My hon. Friend makes a good point in a measured way. As I said earlier, there are various routes—he mentioned two, and there may even be others—that would lead to arbitration, mediation and conciliation, with the opportunity for both sides to find a way forward that avoids the need for industrial action.
We have set up a working group, led by my ministerial colleague Lord McKenzie, which is examining a wide range of issues in relation to wardens and sheltered housing. The group includes a range of organisations such as Help the Aged, Age Concern and the National Housing Federation, and it is working on a series of projects, including looking at different ways of providing support to older people, and highlighting the pros and cons of those different approaches. We will evaluate the overall benefits to residents of each one.
Sheltered accommodation wardens in Castle Point, as elsewhere, are unsung heroes. Does the Minister agree that they are worth their weight in gold, since their small cost saves millions of pounds in social and health care costs that would arise were they to be disbanded or inappropriately used? Will he look carefully at this and ensure that wardens are protected in our sheltered accommodation?
I join the hon. Gentleman in paying tribute to the job that wardens do; they provide a crucial, valuable and, in many cases, life-saving service. I also pay tribute to all those who care for older people, including those providing floating support in the community. I assure him that we will keep this issue under very close review—as he knows, because only last week he was raising the concerns of people in his constituency in debate. On a general point, exactly how these services are provided should be a decision for local authorities, not dictated by me or by other Ministers in Whitehall.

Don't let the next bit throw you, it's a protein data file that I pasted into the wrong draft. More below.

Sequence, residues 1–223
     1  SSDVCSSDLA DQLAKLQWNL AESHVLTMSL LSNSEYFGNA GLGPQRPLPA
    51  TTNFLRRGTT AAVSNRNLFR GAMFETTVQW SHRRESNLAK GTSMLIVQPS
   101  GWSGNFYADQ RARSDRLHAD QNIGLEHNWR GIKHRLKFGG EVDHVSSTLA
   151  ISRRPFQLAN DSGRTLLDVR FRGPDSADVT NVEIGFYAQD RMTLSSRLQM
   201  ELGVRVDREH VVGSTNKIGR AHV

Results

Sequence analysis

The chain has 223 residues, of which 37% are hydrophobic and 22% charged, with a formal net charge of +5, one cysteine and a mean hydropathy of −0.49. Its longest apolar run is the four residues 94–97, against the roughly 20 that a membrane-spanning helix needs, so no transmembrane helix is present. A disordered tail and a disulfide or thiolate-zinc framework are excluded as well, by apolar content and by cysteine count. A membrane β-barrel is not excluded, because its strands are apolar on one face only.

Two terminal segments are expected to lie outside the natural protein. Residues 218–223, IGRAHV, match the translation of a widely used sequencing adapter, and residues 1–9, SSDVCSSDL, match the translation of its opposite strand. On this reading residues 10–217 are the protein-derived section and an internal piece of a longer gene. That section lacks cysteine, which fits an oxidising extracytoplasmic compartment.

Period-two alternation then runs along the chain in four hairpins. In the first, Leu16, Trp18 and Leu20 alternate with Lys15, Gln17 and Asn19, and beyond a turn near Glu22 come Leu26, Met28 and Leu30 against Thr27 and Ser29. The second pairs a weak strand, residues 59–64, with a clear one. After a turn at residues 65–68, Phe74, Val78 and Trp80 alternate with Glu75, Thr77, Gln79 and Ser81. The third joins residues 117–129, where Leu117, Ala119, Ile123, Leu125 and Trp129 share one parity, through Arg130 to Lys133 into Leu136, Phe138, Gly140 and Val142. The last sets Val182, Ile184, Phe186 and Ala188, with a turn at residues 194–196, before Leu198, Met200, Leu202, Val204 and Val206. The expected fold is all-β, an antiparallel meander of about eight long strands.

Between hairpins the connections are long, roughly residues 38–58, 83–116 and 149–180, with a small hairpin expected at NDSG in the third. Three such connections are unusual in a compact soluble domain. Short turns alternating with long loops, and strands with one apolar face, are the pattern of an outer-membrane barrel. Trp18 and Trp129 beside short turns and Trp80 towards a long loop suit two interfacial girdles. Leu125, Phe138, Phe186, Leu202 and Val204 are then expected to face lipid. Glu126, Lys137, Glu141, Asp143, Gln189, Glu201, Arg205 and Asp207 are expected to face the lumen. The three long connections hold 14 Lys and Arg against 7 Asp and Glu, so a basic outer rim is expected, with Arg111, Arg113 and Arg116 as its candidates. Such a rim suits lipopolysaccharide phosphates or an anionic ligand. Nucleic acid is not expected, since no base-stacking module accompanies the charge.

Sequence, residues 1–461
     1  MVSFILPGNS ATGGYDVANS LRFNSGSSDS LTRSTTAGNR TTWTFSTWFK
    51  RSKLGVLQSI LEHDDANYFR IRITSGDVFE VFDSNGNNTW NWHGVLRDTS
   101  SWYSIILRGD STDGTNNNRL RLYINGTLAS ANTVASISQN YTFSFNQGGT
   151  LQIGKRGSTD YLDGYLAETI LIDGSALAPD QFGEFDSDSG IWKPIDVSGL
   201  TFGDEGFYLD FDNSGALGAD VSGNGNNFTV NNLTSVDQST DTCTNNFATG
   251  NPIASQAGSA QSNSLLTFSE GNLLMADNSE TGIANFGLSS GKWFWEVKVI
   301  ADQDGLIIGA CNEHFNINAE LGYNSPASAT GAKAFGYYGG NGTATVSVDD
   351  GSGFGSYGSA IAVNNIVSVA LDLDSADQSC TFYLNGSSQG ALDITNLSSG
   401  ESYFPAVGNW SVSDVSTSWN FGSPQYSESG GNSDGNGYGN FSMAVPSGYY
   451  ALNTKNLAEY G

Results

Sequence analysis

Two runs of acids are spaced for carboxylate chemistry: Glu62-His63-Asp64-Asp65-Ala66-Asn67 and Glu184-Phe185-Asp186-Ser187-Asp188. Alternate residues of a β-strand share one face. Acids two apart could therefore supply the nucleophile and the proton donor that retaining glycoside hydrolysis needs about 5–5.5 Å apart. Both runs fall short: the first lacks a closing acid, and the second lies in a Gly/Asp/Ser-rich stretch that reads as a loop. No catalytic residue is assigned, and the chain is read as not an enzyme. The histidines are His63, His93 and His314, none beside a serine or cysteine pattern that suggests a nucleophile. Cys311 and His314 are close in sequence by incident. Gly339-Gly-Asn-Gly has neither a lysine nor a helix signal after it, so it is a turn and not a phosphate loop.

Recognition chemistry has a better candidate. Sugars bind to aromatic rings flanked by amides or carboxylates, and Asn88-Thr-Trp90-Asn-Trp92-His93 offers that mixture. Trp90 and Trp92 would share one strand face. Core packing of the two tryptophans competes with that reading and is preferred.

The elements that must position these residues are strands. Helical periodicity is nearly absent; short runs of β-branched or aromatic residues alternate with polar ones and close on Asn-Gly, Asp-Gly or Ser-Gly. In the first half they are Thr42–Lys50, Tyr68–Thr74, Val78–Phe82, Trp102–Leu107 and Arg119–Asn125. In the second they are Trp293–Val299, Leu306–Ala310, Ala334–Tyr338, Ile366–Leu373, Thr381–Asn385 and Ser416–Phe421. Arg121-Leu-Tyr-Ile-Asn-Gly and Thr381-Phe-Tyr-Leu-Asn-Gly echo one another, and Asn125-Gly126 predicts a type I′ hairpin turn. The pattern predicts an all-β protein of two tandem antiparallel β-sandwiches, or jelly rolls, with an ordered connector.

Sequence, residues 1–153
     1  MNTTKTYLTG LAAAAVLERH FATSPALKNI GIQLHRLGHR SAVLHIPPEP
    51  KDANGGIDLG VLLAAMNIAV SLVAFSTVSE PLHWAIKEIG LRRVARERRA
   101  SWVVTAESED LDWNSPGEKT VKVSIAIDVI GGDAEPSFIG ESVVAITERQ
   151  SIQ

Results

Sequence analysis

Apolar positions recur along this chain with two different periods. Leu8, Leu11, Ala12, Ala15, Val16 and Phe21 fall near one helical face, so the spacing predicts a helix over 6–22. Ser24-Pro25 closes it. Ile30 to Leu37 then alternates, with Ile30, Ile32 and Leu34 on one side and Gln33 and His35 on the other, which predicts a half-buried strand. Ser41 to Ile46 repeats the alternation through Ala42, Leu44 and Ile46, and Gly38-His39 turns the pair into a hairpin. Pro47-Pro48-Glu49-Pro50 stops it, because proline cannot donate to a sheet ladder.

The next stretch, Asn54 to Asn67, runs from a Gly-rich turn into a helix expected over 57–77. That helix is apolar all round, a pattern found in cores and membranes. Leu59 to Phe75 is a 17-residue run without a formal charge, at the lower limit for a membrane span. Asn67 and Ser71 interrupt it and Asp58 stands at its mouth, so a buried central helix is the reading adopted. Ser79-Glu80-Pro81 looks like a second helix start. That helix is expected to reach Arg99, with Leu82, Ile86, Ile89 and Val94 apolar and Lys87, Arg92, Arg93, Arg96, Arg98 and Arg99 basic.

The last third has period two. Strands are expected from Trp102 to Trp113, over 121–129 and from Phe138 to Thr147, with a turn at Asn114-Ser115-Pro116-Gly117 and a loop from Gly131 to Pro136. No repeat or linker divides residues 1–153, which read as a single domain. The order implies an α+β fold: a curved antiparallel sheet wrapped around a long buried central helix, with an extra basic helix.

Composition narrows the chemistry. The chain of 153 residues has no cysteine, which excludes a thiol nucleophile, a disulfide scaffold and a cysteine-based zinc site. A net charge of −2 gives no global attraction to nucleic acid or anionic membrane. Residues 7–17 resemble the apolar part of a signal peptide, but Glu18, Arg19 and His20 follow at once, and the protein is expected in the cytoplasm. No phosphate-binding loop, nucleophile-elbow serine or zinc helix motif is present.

I never thought that I would stand here and say that I agree entirely with the points made by the hon. Member for Castle Point (Bob Spink), but I do—although I have to say that in Ealing, North we have heroes and heroines. May I ask my hon. Friend to make every endeavour not to repeat the compulsory competitive tendering mistakes of the past and to recognise the importance of added value in terms of individuals’ quality of life and health? I urge him to take that into consideration during the review.
As the Minister has said, there was a useful debate on this matter last week in Westminster Hall. As well as paying tribute to the work of wardens, does he agree with Imogen Parry of ERoSH—the Essential Role of Sheltered Housing—who said:
“Many residents are pleased with changes that have been made to their support services, including a move away from resident warden services, particularly…when they have been fully involved in the process”?
Does he agree that it is consultation, first, last and always, that matters with elderly and vulnerable residents?